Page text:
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Chamber Orchestra brings 'Country and Westerns' to Ponoka

Get set for a dive into the sounds of country/western tunes with the Central Alberta Chamber Orchestra
The Central Alberta Chamber Orchestra will be presenting 'Country and Westerns' at the Ponoka United Church on May 26.

Get set for a dive into the sounds of classic country/western tunes with the Central Alberta Chamber Orchestra.

Featuring special guests Haeley Ginter and Devin Cooper,  the show runs at the Ponoka United Church on May 26,.

Showtime is 2 p.m.

"We will be doing a range of country songs and also themes from westerns," said Jim Bicigo, co-founder of the orchestra along with his wife Karen Gustafson.

"There will be recognizable music from movies like The Magnificent Seven, How the West Was Won, and Silverado, among others. Val Sherman also wrote a song for us about 100 Mile House, B.C. And we will be doing Hoedown from Rodeo by Aaron Copeland.

"The second part will feature country artists including Devin Cooper who grew up in Innisfail. He's now one of the most nominated Alberta country artists, so he's coming up fast," said Bicigo.

"He's going to sing some songs of his own along with Alberta Bound, and then Haeley Ginter, Sharon Brawn, and Danica Hoffart will also be performing. In the end, they are all going to come back and sing Will the Circle Be Unbroken - kind of Grand Ole Opry style!"

Again, as Bicigo pointed out, the classic numbers will be plentiful, with Ginter covering Stand By Your Man, Braun taking on Patsy Cline's Crazy, and Hoffart performing Someday Soon by Ian Tyson.

Gustafson said there are lots of Canadian and Alberta themes bubbling up throughout the songs they've selected. "It's a nice combination of tunes."

Bicigo agreed. "It's the perfect blend."

He added he has wanted to plan and arrange a country-themed concert for years.

"I was thinking that Alberta is the perfect place to do this. We are in the west, we are in rodeo country. It's perfect.

"We also have four high school interns who will be playing three of the songs with us," he said.

"They auditioned for us, and they will also be getting two lessons with a professional orchestra member. They will join us for our rehearsals and then play with us for both concerns (there is another show in Red Deer on May 24.)

Gustafson explained that it's also really exciting because it's fascinating to try various genres of music within the 'chamber orchestra' setting.

She credits her husband's skill at arranging as being intrinsic to the group's ability to capture these other styles so well.

"We have the opportunity to do this because Jim does a lot of the arrangements for the group. We are married, so I know exactly what happens," she added with a laugh.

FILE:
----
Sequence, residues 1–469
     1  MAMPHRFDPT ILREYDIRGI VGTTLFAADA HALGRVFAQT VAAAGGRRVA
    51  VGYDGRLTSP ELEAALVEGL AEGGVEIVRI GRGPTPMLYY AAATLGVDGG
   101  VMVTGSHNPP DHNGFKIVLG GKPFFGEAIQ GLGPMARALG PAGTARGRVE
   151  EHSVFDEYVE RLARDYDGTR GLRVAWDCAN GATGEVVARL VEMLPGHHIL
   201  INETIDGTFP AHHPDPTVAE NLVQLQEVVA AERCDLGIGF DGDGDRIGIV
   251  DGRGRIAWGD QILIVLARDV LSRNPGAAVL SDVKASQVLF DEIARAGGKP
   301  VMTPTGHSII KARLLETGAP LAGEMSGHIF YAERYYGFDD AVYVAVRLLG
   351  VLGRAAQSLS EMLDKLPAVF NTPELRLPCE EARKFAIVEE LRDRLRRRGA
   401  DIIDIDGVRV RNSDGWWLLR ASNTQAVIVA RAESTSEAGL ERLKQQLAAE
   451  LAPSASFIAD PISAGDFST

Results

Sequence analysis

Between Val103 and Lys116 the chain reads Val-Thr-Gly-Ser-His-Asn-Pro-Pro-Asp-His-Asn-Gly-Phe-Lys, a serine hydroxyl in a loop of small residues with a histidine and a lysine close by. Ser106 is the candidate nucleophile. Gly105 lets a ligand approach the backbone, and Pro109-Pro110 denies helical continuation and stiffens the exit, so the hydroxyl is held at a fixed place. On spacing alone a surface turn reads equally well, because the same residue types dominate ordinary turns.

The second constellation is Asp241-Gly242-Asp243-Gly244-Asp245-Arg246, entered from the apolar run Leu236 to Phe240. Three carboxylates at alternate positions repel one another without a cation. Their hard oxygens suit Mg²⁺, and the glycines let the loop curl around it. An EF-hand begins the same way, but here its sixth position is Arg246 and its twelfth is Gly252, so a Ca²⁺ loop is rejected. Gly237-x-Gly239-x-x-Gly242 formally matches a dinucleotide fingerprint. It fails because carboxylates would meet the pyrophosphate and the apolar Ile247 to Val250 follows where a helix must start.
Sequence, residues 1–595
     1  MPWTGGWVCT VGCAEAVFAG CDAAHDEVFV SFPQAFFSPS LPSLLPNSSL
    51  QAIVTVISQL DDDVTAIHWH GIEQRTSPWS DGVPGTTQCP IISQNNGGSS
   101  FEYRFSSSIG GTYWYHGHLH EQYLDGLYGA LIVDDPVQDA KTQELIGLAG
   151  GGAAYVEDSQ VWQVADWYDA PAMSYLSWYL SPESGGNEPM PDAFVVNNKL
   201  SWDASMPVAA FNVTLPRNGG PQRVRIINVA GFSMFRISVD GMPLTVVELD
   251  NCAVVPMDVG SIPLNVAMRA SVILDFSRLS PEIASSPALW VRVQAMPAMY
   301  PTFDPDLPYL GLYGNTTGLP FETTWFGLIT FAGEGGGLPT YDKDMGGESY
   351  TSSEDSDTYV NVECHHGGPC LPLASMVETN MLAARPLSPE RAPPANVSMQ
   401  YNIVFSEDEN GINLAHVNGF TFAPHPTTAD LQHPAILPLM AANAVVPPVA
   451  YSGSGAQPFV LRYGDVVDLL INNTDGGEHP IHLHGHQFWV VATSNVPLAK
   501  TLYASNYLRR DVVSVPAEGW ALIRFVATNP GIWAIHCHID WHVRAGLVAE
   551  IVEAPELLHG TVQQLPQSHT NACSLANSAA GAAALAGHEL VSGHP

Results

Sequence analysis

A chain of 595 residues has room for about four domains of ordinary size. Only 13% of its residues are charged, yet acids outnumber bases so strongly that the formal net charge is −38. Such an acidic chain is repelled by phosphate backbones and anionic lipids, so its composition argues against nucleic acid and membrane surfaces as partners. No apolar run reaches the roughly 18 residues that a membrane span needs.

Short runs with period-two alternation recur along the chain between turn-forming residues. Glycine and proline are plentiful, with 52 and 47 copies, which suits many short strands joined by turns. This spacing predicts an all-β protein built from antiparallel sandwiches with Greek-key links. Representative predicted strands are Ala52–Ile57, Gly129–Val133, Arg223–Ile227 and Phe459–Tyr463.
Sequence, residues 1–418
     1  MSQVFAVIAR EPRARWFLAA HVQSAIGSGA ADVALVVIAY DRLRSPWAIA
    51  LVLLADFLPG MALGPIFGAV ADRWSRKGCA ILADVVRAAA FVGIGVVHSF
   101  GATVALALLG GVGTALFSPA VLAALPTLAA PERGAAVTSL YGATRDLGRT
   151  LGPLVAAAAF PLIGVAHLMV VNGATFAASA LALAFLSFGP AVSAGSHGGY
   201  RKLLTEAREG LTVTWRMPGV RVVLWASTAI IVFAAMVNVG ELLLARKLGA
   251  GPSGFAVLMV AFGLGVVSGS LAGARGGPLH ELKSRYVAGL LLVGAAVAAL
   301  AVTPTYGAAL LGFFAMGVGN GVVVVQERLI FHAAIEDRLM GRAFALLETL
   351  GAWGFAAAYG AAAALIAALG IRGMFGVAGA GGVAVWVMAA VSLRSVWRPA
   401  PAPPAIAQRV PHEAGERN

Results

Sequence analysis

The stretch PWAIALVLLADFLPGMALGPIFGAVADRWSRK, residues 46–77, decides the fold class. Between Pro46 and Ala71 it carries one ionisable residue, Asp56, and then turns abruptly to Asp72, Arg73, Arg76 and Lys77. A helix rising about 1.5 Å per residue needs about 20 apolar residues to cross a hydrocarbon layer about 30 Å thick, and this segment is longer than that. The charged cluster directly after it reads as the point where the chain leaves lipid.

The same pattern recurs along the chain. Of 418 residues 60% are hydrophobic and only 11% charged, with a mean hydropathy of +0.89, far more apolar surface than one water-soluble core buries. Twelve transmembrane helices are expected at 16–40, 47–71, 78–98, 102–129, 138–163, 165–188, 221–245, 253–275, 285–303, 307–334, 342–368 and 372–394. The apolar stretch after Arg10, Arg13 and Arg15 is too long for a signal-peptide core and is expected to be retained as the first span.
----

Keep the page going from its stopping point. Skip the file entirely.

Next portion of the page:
"Every morning, he gets up, makes coffee, and sits down with his computer to compose or arrange music for several hours. That is how much dedication and work it takes to have this," she explained.

Bicigo said he's inspired by the school of country music that was developed by the legendary Chet Atkins, where they tapped into a lot of orchestration in production.

"I like to see what other people have done, and then I add my twist to it and make it work for us," he said. 

Many members of the group, including Bicigo and Gustafson, were former instructors at Red Deer Polytechnic, which shut down its music program in 2018.

Bicigo, who plays trombone, originally hails from Marquette, Michigan, where he also received all of his music education as well.

It was while teaching at the University of Alaska at Fairbanks that he met his future wife.

They later settled in Red Deer to work at the College, which lasted two years before, as mentioned, the program was ultimately shut down.

Ever since, the couple has kept busy with teaching around the region, including becoming contract faculty at Burman University in Lacombe.

Meanwhile, both Bicigo and Gustafson are no strangers to the country/western genres.

"When I was growing up, my dad had one of two genres playing in the garage most days - country or opera."

But for years, Bicigo wasn't really into it.

"Then I got the chance to play the trombone for Kenny Rogers, and his band was so amazing. They knew their parts by memory, and they knew all of our parts by memory," he said, adding how he was struck by their incredible level of musicianship.

Bicigo walked away with a whole new appreciation of it all.

"I realized then the level of musicianship it takes to do country music. It completely changed my opinion."

Gustafson, who hails from Saskatoon, agreed that country was just a part of growing up. 

"My brother was a rodeo guy, and all we listened to was country. I'd cook dinner while singing along with the radio," she recalled. 

"I love it. I remember having breakfast with someone in Minneapolis where I did my doctorate. We were listening to the radio, and we had a competition about who the artist was, and what the song was - it was all country. And I beat him!

"Country music is about people's experiences. it's about those real-life experiences that we grew up with in the prairies, too."

Bicigo agreed.

"It's about those heartfelt experiences on almost every topic. And it is the Canadian-American story. It's compelling."

Tickets ($20) are available at the church office and online at




Mark Weber

About the Author: Mark Weber

I've been a part of the Black Press Media family for about a dozen years now, with stints at the Red Deer Express, the Stettler Independent, and now the Lacombe Express.
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